If the paint rubs off, which you did not state in your original post, it is highly likely that the surface was chalky and/or mildewy when the paint was applied. If moisture was the original problem, you should have seen blistering sooner, it seems.
There is a "contact us" link on the page for KM. Let us know how it goes.
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Yep, you have trapped moisture. You're only seeing it on the Southern side because that wall heats up more in the sun, and the water is either expanding or creating water vapor - probably the latter.
First thing to do is to bleed 'er. Popping them with a pin will most likely just put you back at square one with the bubbles after you repaint. Slice off the bubbles with a razor blade.
The wall has to dry out before you can repaint. That's a tough one in the rainy season. If you don't have too much area to deal with, and too many bubbles, you could use a heat gun or hair dryer to heat up the ex-bubble locations.
Repaint when all is dry. Spot prime if the manufacture recommends it. Contact the manufacturer in any event and see if they have a standard solution.
R
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Contrary to "normal" practice...stucco should not be painted.
cheers Bob
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DD_BobK wrote:

You like grey?
Say...are you that guy in Arizona (or maybe New Mexico)? The one who thinks the way to handle stucco is to add more?
--

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the scratch coat, the brown coat and the finish (aka color) coat
stucco doesn't have to be grey but I do like grey stucco :)
cheers Bob
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DD_BobK wrote:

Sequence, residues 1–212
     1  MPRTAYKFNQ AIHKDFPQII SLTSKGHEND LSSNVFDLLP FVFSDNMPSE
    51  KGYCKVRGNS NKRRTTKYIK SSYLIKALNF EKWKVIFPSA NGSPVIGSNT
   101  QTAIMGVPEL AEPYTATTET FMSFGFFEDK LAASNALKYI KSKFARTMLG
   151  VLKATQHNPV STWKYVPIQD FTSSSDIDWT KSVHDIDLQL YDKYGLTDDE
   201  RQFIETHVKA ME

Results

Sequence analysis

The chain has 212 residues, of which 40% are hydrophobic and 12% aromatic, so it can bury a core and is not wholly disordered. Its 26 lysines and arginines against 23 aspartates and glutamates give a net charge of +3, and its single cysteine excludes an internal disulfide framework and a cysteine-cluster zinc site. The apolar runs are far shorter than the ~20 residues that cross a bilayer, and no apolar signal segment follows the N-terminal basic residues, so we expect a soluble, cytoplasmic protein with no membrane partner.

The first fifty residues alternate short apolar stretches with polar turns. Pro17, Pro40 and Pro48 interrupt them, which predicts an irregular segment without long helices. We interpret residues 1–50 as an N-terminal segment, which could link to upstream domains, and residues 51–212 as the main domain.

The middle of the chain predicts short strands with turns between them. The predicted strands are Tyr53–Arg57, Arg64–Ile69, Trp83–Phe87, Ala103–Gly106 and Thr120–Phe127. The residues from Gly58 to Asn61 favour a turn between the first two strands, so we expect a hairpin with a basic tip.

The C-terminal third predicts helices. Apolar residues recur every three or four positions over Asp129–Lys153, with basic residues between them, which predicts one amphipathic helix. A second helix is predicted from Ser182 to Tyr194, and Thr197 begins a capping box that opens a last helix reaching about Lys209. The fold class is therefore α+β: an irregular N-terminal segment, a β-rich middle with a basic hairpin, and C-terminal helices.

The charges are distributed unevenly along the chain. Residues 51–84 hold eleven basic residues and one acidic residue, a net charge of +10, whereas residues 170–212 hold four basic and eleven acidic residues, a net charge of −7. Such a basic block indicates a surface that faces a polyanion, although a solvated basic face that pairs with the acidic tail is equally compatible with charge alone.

Ah, OK, that's workable. Trouble is, around here at least (central Florida), the stucco guys don't like to use color in stucco because of the difficulty in maintaining the same color batch to batch.
--

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dadiOH wrote:

I don't think I've ever seen unpainted stucco in Florida - it would grow mildew/mold like mad. Semi-gloss paint is most common.
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DD_BobK wrote:

Note that some answers here are based on stucco over cement block (common in Florida) and some are based on a wood frame building with stucco, typically over a wood substrate. Answers for one are not necessarily appropriate for the other.
And in the second case you could have the 'modern' EFIS stucco. I that case, IMHO, you need an expert opinion. There are horror stories involving EFIS.
I assume you have conventional stucco and a wood frame house.

Ask a stucco contractor what should be used and if "elastomeric paint" is a good idea. Or you could ask a *good* paint store.
I agree that it is best not to paint stucco. I would rather "redash", which is a thin layer of stucco with pigment. That keeps the surface a low maintenance stucco finish. Painting turns the surface into a much higher maintenance painted surface.